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Balancing Fit and Prestige During the College Search

By David Toomer, Director of College Counseling
This article appeared in the Spring 2018 issue of the Tower Hill Bulletin

College counseling at independent schools such as Tower Hill is a precarious balancing act. Social scientists might characterize the whole process of helping students find their way to college as a set of tradeoffs and incentives. The trade-offs can most succinctly be described as fit and prestige. As educators, we are obligated to help each student find the set of colleges that will allow that student to thrive academically, socially and professionally. This would be fit. Meanwhile, many parents want their children to attend the 25 or so colleges and universities that Gregg Easterbrook of the Brookings Institution refers to as the “Gotta-Get-Ins.” The Gotta-Get-In colleges and universities represent prestige. 
 
For students with high grades and high test scores, fit and prestige may be closely correlated. For those with more modest grades and testing, fit and prestige may have an inverse relationship. Independent schools and affluent suburban high schools are under intense pressure to have as many Gotta-Get-Ins on their school list each year. Chasing prestige for the sake of prestige appears to be among the most significant causes for stress and anxiety among students, parents and high schools. 

Easterbrook’s article reviews a report written by Princeton economist Alan Krueger and Mellon Foundation researcher Stacy Berg Dale. Their report, in quantitative and qualitative terms, demonstrates how people tend to overvalue the Gotta-Get-Ins and undervalue other high-quality schools such as many flagship state universities and mid-tier liberal arts colleges. Easterbrook’s article, Who Needs Harvard, is worth a read and can be found at www.brookings.edu/articles/who-needs-harvard/.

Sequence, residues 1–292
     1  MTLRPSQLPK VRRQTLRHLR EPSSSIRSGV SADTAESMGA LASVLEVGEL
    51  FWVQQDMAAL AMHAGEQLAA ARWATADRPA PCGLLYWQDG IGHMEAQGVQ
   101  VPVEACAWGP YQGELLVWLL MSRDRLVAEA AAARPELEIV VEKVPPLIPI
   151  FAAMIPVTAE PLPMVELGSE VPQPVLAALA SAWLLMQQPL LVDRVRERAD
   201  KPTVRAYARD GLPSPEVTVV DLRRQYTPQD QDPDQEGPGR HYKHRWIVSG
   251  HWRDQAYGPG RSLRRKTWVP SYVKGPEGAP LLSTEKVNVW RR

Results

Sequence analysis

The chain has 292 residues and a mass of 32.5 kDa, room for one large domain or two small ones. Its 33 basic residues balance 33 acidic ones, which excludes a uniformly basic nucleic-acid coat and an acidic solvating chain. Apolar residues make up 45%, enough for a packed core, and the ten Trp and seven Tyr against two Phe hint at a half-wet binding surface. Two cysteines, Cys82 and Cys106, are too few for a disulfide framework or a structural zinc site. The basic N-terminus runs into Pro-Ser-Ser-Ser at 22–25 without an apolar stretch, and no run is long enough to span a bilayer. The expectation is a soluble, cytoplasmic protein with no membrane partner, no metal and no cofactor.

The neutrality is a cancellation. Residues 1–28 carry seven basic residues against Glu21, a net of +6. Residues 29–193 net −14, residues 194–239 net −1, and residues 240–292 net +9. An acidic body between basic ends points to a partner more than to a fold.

In the college admissions process, it appears that the colleges have all of the power. However, students and families have the ability to make smart choices regarding their day-to-day lives and with deciding for themselves which colleges to pursue based on research—and not purely by rankings. At Tower Hill, we seek to help students find the right balance between academics, co-curricular and extracurricular activities and athletics. Moreover, we want to provide them with the skills to make wise behavioral and lifestyle choices. 
 
Parents, students and academic advisors should work together to select classes that are challenging, but not overwhelming. It is important to find activities based on interests and not to impress someone at an admissions committee table. Another excellent resource is the Harvard Graduate School of Education Making Caring Common website, mcc.gse.harvard.edu/collegeadmissions. I strongly recommend reading Turning the Tide: Inspiring Concern For Others And The Common Good Through College Admissions. It is endorsed by the deans of dozens of the top colleges and universities and available on the Harvard GSE website. Turning the Tide provides a better understanding of what top colleges are looking for and should ease some of the mania around AP classes and unmanageable lists of activities.